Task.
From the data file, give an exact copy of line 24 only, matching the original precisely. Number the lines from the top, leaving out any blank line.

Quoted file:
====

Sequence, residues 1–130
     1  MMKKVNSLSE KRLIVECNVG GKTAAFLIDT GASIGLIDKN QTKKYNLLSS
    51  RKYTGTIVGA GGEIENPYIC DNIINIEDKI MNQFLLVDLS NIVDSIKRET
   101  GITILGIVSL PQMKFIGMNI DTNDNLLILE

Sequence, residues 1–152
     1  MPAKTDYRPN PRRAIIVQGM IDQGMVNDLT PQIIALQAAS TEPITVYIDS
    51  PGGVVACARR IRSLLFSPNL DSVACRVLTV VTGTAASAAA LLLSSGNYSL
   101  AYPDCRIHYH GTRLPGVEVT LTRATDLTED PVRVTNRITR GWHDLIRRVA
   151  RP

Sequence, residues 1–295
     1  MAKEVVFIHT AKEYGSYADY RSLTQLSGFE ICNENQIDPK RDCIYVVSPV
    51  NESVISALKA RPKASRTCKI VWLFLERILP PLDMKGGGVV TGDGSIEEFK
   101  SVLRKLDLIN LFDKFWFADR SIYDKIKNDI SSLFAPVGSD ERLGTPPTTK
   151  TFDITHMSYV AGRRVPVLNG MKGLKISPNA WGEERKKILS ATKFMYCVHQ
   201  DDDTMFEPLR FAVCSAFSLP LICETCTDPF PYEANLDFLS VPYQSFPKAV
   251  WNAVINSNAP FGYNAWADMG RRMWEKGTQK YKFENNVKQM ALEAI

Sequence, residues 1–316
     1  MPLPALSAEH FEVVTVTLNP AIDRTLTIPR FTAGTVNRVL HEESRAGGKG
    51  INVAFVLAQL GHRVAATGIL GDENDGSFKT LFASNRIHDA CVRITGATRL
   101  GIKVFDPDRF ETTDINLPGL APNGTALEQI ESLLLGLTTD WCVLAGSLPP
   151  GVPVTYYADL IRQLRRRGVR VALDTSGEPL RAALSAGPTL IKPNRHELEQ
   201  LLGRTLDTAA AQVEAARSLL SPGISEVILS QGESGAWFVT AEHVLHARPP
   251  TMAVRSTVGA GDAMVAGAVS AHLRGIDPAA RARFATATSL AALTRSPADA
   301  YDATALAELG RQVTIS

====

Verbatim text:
   301  YDATALAELG RQVTIS